Release date: September 20th 2021
Welcome to my VMware Horizon series. In this session I will describe how I’ve automated the VMware Horizon Template creation and maintenance process. In my previous post: VMware Horizon – Windows 10 Desktop – From design to desktop pool, I described the manual procedure for doing this, which I find both time-consuming and tedious. Therefore, I was pleasantly surprised when I saw that VMware Digital Workspace Tech Zone had done the job and created a blog about this here: Using Automation to Create Optimized Windows Images for VMware Horizon VMs They’ve done a very thorough job and I used this as a guide when I did the set up myself. VMware have provided two scripts that helps automating VMware Horizon operations:
Using the Create Or Reset VMs script VMware has provided will work well enough, although, as my goal was to automate the complete process, I had to extend their script by adding the following features:
- When the template vm is created, the VM was quite large in size. I needed to make a routine that would export this to an OVA-file, delete the original template vm, import OVA in Thin-mode to vSphere and clean up and delete the OVA-file on local storage.
- Adjust Portgroup-setting on the imported vm, take a snapshot and push this to VMware Horizon
The workflow for this task will be as shown below:
Before I got to the point of actual scripting, I set up the MS WDS/MDT infrastructure as follows:
- Prepare Microsoft Windows Deployment Infrastructure:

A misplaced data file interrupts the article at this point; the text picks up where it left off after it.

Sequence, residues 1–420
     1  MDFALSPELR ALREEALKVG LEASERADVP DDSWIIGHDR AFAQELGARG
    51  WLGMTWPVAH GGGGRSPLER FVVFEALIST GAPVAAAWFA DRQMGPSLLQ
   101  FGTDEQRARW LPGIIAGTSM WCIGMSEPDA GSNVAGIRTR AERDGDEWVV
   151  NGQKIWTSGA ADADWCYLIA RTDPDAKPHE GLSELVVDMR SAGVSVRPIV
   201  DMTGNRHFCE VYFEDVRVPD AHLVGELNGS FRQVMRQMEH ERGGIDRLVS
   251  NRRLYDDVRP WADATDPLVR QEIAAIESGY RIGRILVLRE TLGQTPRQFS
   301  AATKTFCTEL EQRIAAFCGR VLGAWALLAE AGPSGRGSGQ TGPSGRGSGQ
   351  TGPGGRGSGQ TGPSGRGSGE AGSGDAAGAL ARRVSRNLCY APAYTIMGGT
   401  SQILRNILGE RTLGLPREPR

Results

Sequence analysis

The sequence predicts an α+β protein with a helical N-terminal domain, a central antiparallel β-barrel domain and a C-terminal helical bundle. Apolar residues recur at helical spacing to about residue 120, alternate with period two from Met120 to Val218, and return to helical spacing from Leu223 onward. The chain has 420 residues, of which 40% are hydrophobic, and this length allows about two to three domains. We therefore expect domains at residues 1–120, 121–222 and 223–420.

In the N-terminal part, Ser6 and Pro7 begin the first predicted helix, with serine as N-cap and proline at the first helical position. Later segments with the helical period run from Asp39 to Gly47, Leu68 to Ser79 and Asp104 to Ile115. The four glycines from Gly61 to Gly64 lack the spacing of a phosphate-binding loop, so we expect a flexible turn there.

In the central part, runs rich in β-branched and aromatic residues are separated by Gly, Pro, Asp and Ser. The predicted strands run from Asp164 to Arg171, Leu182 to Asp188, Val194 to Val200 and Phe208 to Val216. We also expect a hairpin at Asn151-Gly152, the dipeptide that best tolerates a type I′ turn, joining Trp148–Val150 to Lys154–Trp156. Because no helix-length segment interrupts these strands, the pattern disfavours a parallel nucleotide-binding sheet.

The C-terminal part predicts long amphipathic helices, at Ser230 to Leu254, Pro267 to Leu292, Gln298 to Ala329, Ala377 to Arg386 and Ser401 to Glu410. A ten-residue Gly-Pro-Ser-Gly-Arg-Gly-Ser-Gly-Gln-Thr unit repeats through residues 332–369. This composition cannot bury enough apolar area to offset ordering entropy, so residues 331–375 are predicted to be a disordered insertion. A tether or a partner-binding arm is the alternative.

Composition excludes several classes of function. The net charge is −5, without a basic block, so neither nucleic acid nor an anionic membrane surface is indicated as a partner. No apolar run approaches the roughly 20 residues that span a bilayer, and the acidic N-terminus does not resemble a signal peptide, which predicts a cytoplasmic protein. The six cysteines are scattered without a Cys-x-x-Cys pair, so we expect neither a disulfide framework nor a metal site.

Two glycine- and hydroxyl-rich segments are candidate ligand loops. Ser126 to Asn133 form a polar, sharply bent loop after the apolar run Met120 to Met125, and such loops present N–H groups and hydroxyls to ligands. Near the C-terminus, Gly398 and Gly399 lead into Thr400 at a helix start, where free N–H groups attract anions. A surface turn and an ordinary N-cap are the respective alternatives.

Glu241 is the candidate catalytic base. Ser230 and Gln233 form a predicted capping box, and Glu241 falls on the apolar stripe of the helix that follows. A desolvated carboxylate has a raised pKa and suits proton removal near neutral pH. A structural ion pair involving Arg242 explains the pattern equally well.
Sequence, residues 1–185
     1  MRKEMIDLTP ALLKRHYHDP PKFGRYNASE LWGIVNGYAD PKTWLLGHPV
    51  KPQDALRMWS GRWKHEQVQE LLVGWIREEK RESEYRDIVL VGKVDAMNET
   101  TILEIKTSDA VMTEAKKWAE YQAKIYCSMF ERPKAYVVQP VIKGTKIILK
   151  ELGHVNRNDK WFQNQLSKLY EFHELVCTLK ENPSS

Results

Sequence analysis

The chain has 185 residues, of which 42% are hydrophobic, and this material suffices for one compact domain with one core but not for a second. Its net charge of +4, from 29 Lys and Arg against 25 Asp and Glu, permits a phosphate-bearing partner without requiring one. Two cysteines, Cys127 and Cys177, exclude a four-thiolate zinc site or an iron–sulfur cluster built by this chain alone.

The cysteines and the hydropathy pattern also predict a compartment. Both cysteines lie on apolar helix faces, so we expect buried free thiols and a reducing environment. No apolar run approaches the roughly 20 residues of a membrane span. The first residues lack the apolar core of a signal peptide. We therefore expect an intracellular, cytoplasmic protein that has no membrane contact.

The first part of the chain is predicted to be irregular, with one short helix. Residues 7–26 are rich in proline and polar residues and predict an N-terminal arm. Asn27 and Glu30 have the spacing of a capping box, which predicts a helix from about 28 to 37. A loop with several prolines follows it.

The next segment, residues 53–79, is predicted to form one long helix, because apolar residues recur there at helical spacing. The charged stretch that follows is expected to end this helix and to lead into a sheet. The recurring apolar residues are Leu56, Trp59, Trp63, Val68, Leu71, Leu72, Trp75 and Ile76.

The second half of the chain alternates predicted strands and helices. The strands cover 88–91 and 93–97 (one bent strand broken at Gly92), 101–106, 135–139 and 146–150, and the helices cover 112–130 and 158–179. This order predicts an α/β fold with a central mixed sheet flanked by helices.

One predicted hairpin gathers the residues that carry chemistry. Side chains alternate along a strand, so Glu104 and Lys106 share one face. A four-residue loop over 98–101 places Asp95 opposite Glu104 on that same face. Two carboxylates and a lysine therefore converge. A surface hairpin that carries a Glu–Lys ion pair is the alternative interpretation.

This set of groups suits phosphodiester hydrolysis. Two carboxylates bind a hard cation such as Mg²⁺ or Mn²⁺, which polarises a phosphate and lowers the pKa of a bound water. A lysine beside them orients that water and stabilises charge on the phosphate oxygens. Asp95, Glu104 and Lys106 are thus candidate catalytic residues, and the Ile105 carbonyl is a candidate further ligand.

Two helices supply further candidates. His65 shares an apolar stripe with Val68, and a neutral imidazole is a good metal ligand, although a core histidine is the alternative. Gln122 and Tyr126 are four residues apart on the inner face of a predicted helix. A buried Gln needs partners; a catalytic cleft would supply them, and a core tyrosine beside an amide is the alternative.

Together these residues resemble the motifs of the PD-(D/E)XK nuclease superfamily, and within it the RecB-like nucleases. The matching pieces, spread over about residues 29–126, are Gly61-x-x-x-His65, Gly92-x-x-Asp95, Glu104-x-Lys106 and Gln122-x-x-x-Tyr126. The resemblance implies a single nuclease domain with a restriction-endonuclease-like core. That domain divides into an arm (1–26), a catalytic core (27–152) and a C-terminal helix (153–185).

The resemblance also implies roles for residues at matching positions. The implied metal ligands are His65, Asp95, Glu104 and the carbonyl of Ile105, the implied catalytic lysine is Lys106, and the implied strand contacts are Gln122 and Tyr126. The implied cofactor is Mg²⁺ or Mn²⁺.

- Microsoft Windows Deployment Service – Install
- Microsoft Windows Deployment Service – Configure
- Microsoft Windows Deployment Service – Task Sequence
- Create VMware OSOT Task Sequence
- Configure VMware OSOT Task Sequence
- Test Task Sequence
I also had to setup VMware PowerCLI to be able to Automate VMware Horizon.
Once I had this in place, I could start creating my PowerCLI routines, but first I created the Credential Store XML-files to automate login to vSphere and Horizon, read more about the cmdlet here: New-VICredentialStoreItem
New-VICredentialStoreItem -User <user> -Password <user> -Host <server> -File C:\<your location.xml>
Export VM to OVA delete original VM:
Once the Create Or Reset VMs script has run, the VM is created and shut down. As show below the disk size is almost 40 GB.
Therefore I will have my script do the following procedures first.
- Connect to my vCenter server using my predefined Credential Store Item
- Remove any snapshots
- Disconnect any ISO-files
- Export the vm to an OVA file in the D:\Images folder on the Windows machine running the script. (Be sure to have enough disk space available!)
- Remove the VM from vSphere
$ExportDir = "D:\Images\" $viserver = "<FQDN vCenter Server>" $viuser = Get-VICredentialStoreItem -File "D:\scripts\vc-01_sso.xml" -host $viserver Connect-viserver -Server $viserver -User $viuser.user -Password $viuser.password Get-Snapshot $vm | Remove-Snapshot -confirm:$false Get-VM -Name $vm | Get-CDDrive | Set-CDDrive -NoMedia -confirm:$false Get-VM -Name $vm | Export-VApp -Destination $ExportDir -Format OVA -Force Get-VM -Name $vm | Remove-VM -DeletePermanently
PowerCLI Reference: Get-VICredentialStoreItem & Export-VApp
Import from OVA-File and optionally change Portgroup
As with the export routine above, the routine below also demand that we are logged in to the vCenter server. This routine will import from the exported OVA file in thin format to vSphere. It will also make sure the VM gets connected to the correct port group (Optional).